Juanito Laguna is portrayed as a young boy from a poor neighbourhood or shantytown, who collects garbage. Although his situation is bleak, he still retains his hopes and dreams, which Berni himself discusses in this video. This sense of hope can be seen, for example, in the painting of Juanito playing with a toy airplane and gazing up at a spaceship, dreaming of opportunities. As this was painted around the time of the moon landings, Berni makes Juanito like any other boy of his time who dreams of going to space, perhaps making him a relatable, contemporary character.

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Berni, ‘Juanito Laguna y la aeronave’, 1978

Ramona Montiel, on the other hand, was created as a character to represent lower-class women. She becomes a prostitute in order to earn enough money to live and, through her character, Berni comments on the sex trade, the status of women, and also the lack of professional opportunities afforded to women.

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Berni, ‘El Examen’, 1976

 

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Berni, ‘Juanito Laguna going to the factory’, 1977

The paintings of Juanito in particular are large in size and striking. Berni was a very experimental artist and used new techniques in his artworks. Whilst he uses oil paints for the background and to paint Juanito himself, the work is dominated by collaged industrial waste and garbage that Berni collected. These objects protrude from the paintings, creating a 3D effect. The amount of metal used in the paintings is also quite jarring, as it reminds the viewer of the environment in which poor children represented by Juanito live. Instead of painting Juanito’s clothing, Berni places real items of clothing onto the canvas, often using popular clothes of the time, suggesting further how the character represents a particular class of children. However, the artist is also perhaps making a statement about how capitalist society and consumer culture fuel poverty. By using real, relevant and contemporary objects and popular culture to explore social issues, Berni creates in a way more ‘real’ characters. In fact, his characters have since taken on a life of their own in Argentina, becoming folks legends, incorporated into the lyrics of tango music and folks songs, as well as in poems and stories.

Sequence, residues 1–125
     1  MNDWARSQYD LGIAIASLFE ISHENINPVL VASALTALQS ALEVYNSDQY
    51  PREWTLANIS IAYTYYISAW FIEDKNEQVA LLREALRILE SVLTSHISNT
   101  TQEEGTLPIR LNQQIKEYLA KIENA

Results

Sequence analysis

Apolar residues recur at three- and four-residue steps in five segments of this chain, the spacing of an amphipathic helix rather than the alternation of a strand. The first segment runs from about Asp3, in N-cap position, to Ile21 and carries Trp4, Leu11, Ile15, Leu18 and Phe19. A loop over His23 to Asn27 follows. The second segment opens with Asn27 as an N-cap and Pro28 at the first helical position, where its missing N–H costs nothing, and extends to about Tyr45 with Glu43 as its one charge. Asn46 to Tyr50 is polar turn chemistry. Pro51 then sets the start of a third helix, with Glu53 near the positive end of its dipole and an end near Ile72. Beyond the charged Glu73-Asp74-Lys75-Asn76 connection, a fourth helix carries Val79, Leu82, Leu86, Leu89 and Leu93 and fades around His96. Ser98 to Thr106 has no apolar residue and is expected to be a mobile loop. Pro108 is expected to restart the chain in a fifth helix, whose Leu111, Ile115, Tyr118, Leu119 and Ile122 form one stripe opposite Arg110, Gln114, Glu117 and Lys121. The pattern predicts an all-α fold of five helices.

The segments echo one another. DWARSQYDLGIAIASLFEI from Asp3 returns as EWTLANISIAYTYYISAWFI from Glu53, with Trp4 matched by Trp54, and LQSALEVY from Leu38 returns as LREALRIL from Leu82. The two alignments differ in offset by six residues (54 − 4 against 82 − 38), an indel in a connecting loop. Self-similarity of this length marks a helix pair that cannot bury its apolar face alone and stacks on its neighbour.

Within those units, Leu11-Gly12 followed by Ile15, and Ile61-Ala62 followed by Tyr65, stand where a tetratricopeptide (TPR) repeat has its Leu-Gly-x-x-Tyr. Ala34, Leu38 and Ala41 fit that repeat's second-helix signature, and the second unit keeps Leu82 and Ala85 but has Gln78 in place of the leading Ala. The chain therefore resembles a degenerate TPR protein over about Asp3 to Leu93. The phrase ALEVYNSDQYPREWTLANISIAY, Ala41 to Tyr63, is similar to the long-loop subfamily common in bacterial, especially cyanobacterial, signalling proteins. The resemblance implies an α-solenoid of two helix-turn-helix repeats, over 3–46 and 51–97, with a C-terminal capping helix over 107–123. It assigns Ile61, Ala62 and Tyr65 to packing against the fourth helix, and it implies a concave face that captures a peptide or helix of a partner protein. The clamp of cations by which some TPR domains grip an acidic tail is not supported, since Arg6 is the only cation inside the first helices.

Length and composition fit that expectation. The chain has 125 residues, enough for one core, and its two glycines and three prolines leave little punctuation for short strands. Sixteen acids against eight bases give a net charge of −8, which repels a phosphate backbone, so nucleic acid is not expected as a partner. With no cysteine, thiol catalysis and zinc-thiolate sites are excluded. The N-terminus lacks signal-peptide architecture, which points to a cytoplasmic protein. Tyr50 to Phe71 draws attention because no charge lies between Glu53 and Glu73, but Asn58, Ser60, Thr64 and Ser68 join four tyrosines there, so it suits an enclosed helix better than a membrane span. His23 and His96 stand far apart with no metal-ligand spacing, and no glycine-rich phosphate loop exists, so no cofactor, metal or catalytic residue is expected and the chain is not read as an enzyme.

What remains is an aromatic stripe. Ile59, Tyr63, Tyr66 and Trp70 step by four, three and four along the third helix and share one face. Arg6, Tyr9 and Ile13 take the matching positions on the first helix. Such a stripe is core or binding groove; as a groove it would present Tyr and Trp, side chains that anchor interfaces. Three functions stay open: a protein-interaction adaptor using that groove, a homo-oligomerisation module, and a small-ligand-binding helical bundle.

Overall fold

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Berni, ‘Juanito the Scavenger’, 1978

In Juanito the Scavenger, the child is lost in a sea of industrial waste and garbage, and his face looks despondent. This painting depicts the common practice of children in slums rummaging in garbage for things to sell. Even though the scene is bleak, Berni’s use of colour brings life into the painting. I found that even though the paintings are gripping and have a serious political message, Berni’s use of colour makes them accessible and almost child-like. It suggests the vibrancy of Latin America, whilst also reminding viewers that Juanito is just a boy.

Overall I found the exhibition fascinating; it compiled so much of Berni’s work and was a testament to this experimental stage in his career. The exhibition was large and comprehensive, spread across different rooms over three floors, encompassing printmaking, sculpture as well as painting; I think it was a triumph. The exhibition opened in October in 2014 and proved to be very popular. Although Berni’s paintings were created in the late 1950s through to late 1970s, the social and economic issues they explore still plague many large Latin American cities today, so the political meaning of these paintings is still gripping and relevant.

Camila Poccard (1st-year History of Art student)